After being called to a fire at a hostel in Sunderland, firefighters have uncovered serious fire safety violations including fire doors that were shut and padlocked.
The fire broke out at the Norfolk Hotel, a former 42-bed hotel that is now being used as a hostel accommodating 37 people, in November 2012. The blaze started in a bedroom, and firefighters discovered when they arrived on the scene that the nearest fire exit to this room was locked shut with a heavy-duty bike lock. This meant that if residents needed to use the fire exit to escape the blaze, they would have been unable to and might have had to risk a more dangerous escape route.
Other breaches of fire safety law were uncovered by a fire officer who arrived to inspect the premises following the fire, including insufficient fire safety training for staff members at the hostel. There was also a lack of manually operated fire alarm call points, which would enable people to set off the fire alarms in case of fire, and a lack of regular fire drills.
The owners of the hostel have now been fined for the breaches at Sunderland Magistrates’ Court. In total, the managers and licensee were fined £6,880 and ordered to pay£3,911 in court costs.
The supermarket chain Booths has been fined £27,500 after it pleaded guilty to breaching food safety regulations.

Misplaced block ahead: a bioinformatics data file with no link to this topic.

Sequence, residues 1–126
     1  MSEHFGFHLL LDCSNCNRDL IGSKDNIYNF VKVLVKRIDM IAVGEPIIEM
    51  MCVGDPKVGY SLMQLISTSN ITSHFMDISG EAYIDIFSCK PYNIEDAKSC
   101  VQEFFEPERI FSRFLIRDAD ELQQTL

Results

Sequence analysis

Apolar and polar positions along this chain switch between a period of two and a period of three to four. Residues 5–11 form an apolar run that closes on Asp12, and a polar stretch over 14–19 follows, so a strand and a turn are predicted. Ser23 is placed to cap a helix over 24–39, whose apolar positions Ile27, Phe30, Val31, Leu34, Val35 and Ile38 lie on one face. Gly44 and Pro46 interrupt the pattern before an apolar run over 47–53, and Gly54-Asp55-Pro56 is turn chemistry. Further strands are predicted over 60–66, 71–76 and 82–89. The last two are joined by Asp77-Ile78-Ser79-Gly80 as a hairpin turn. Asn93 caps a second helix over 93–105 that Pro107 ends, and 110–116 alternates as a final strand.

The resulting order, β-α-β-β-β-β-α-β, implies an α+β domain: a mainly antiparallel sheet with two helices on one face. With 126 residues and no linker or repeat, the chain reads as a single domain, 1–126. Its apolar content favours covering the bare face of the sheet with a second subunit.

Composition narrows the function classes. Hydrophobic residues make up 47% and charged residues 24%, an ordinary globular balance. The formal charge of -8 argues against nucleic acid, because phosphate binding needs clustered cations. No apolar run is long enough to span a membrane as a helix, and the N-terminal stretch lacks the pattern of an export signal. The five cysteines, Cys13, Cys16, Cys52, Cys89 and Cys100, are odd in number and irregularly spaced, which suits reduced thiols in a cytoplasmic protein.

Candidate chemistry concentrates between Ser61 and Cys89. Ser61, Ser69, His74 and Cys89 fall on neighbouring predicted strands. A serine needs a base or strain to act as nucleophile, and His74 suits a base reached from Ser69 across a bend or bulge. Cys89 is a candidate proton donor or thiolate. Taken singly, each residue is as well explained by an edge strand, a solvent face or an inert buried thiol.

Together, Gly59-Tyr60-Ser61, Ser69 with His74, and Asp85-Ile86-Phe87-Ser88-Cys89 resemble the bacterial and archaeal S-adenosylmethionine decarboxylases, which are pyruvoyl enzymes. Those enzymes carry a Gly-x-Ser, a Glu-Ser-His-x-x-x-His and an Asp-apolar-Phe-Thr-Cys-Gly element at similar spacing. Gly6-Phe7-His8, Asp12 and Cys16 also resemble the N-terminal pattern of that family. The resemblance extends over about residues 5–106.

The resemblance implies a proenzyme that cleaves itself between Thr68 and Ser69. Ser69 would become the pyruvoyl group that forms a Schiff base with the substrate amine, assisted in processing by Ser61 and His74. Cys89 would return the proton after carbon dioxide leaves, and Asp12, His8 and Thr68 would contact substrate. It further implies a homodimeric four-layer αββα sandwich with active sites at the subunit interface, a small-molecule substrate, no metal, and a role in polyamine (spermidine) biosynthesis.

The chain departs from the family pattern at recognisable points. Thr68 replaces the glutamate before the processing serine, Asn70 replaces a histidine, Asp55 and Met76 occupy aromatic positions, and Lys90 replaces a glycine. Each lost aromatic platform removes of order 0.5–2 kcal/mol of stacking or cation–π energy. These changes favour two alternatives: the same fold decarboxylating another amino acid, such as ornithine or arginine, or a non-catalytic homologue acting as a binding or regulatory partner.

The charges relate to a Booths store in Lytham, where food safety inspectors found products for sale that were past their sell-by date and an ox tongue that contained listeria bacteria. Commenting on the visit to the Lytham store, Fylde Council’s cabinet member for environment and partnerships, Councillor Tommy Threlfall said:
“The council’s investigation of Booths revealed some quite shocking examples of ignorance of food safety. The ox tongue turned out to be tip of the iceberg as we discovered that fresh mussels and oysters were being managed beyond the shelf-life policy.”
The investigation was launched after a customer at the store was infected with listeria, but this was later found to have been caused by one of Booths’ suppliers.
Booths has been fined £27,500 for the breaches, and it has confirmed that steps are being taken to address the issues raised. This may mean checking the source of food products more carefully, reviewing the chain’s food safety management system or investing in better food hygiene training for staff members.
The Care Quality Commission (CQC) has ordered a care home in Cornwall to make urgent improvements to its standards of care or it could face further action.
The Cornwallis Nursing Home, which is located in St Ives and accommodates around 50 patients, was told that it needed to improve in seven major areas. Many of the improvements needed could be effected by improved care training for staff members, particularly in relation to respecting the privacy and dignity of residents.
Issues uncovered by CQC officers at the Cornwallis home, which specialises in dementia treatment, included:
• Cleanliness, hygiene and infection control
• Consent from residents for care and treatment